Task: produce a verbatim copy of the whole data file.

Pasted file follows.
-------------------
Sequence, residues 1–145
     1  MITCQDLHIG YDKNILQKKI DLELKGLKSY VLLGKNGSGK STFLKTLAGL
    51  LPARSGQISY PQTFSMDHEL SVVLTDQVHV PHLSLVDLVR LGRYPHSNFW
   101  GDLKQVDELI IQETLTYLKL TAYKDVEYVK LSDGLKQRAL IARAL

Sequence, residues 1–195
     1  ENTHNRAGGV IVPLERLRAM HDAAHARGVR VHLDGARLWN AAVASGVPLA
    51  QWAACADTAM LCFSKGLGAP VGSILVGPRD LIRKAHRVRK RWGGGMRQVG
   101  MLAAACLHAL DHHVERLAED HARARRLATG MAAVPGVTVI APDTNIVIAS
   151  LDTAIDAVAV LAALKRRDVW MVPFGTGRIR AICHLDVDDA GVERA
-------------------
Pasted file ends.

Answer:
Sequence, residues 1–145
     1  MITCQDLHIG YDKNILQKKI DLELKGLKSY VLLGKNGSGK STFLKTLAGL
    51  LPARSGQISY PQTFSMDHEL SVVLTDQVHV PHLSLVDLVR LGRYPHSNFW
   101  GDLKQVDELI IQETLTYLKL TAYKDVEYVK LSDGLKQRAL IARAL

Sequence, residues 1–195
     1  ENTHNRAGGV IVPLERLRAM HDAAHARGVR VHLDGARLWN AAVASGVPLA
    51  QWAACADTAM LCFSKGLGAP VGSILVGPRD LIRKAHRVRK RWGGGMRQVG
   101  MLAAACLHAL DHHVERLAED HARARRLATG MAAVPGVTVI APDTNIVIAS
   151  LDTAIDAVAV LAALKRRDVW MVPFGTGRIR AICHLDVDDA GVERA